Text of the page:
A reporter, inspired by the feverish gossip about Gatsby circulating in New York, comes to West Egg in hopes of obtaining the true story of his past from him. Though Gatsby himself turns the man away, Nick interrupts the narrative to relate Gatsby's past (the truth of which he only learned much later) to the reader.
His real name is James Gatz, and he was born to an impoverished farmer in North Dakota, rather than into wealth in San Francisco, as he claimed. He had his named legally changed to Jay Gatsby at the age of seventeen. Though he did attend St Olaf's, a small college in Minnesota, he dropped out after two weeks, as he could not bear working as a janitor in order to pay his tuition. Gatsby's dreams of self-improvement were only intensified by his relationship with Dan Cody, a man whom he met while working as a fisherman on Lake Superior. Cody was then fifty, a self-made millionaire who had made his fortune during the Yukon gold rush. Cody took Gatsby in and made the young man his personal assistant. On their subsequent voyages to the West Indies and the Barbary Coast, Gatsby became even more passionately covetous of wealth and privilege. When Cody died, Gatsby inherited $25,000; he was unable to claim it, however, due to the malicious intervention of Cody's mistress, Ella Kaye. Afterward, Gatsby vowed to become a success in his own right.
Several weeks pass without Nick's seeing Gatsby. Upon visiting Gatsby at his mansion, Nick is shocked to find Tom Buchanan there. Tom has unexpectedly stopped for a drink at Gatsby's after an afternoon of horseback riding; he is accompanied by Mr. and Mrs. Sloane, an insufferable East Egg couple who exemplify everything that is repellent about the "old rich." Gatsby invites the group to supper, but Mrs. Sloane hastily refuses; perhaps ashamed of her own rudeness, she then half-heartedly offers Gatsby and Nick an invitation to dine at her home. Nick, recognizing the insincerity of her offer, declines; Gatsby accepts, though it is unclear whether his gesture is truly oblivious or defiant.
Tom pointedly complains about the crazy people that Daisy meets, presumably referring to Gatsby. Throughout the awkward afternoon, he is contemptuous of Gatsby, particularly mocking his acceptance of Mrs. Sloane's disingenuous invitation.
The following Saturday, Tom and Daisy attend one of Gatsby's parties. Tom, predictably, is unpleasant and rude throughout the evening. After the Buchanans leave, Gatsby is crestfallen at the thought that Daisy did not have a good time; he does not yet know that Tom badly upset her by telling her that Gatsby made his fortune in bootlegging.
Nick realizes that Gatsby wants Daisy to tell Tom that she has never loved him. Nick gently informs Gatsby that he cannot ask too much of Daisy, and says, "You can't repeat the past." Gatsby spiritedly replies: "Of course you can!"
Nick begins the story of Gatsby's past by saying that Gatsby "sprang from his Platonic conception of himself," which refers to that his ideal form. That is, the Platonic form of an object is the perfect form of that object. Therefore, Nick is suggesting that Gatsby has modeled himself on an idealized version of "Jay Gatsby": he is striving to be the man he envisions in his fondest dreams of himself. Gatsby is thus the novel's representative of the American Dream, and the story of his youth borrows on one of that dream's oldest myths: that of the self-made man. In changing his name from James Gatz to Jay Gatsby, he attempts to remake himself on his own terms; Gatsby wishes to be reborn as the aristocrat he feels himself to be.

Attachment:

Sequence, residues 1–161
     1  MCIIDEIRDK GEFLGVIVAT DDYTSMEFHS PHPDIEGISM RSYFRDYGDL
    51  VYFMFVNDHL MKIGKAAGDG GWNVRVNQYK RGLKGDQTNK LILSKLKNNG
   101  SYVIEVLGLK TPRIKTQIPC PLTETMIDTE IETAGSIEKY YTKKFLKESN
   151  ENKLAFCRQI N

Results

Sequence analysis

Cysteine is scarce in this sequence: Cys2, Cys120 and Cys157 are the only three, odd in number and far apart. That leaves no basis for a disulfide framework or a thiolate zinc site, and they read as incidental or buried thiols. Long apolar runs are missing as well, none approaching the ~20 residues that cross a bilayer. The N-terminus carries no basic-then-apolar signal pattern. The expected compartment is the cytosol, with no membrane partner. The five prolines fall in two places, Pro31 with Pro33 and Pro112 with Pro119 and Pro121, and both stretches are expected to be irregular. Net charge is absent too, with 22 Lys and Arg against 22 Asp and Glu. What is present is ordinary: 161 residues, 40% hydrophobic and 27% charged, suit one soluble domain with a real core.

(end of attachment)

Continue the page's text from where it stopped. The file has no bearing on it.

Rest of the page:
It is significant that Gatsby leaves college because he finds his work as a janitor degrading. This seems a perverse decision, given the fact that a university education would dramatically improve his social standing. His decision to leave reveals Gatsby's extreme sensitivity to class, and to the fact of his own poverty; from his childhood onward, he longs for wealth and for the sophistication and elegance which he imagines that wealth will lend him. His work as a janitor is a gross humiliation because it is at odds with his ideal of himself; to protect that ideal, he is willing to damage his actual circumstances.
Fitzgerald uses the character of Dan Cody to subtly suggest that the America of the 1920s is no longer a place where self-made men can thrive. Cody, like Gatsby, transcended early hardship to become a millionaire. Like Gatsby, he is remarkably generous to his friends and subordinates. Cody takes to drinking because, despite his wealth, he remains unable to carve out a place for himself in the world of 1920s America. It is important to note that Cody's death is brought about, at least in part, through the treachery of the woman he loves; this foreshadows the circumstances of Gatsby's death in Chapter VIII.
The painfully awkward luncheon party at Gatsby's mansion underlines the hostility of the American 1920s toward the figure of the self-made man. Both the Sloanes and Tom Buchanan treat Gatsby with contempt and condescension, because he is not of the long-standing American upper class. Though Gatsby is fabulously wealthy, perhaps wealthier than Tom himself, he is still regarded as socially inferior. For Fitzgerald, nothing could be more inimical to the original ideals of America. The first Americans fought to escape the tyrannies of the European nobility; Tom Buchanan longs to reproduce them.
This chapter makes it clear that Daisy, too, is a part of the same narrow-minded aristocracy that produced her husband. For Gatsby, she became the symbol of everything that he wanted to possess: she is the epitome of wealth and sophistication. Though Gatsby loves this quality in Daisy, it is precisely because she is an aristocrat that she cannot possibly fulfill his dreams. She would never sacrifice her own class status in order to be with him. Her love for him pales in comparison to her love of privilege.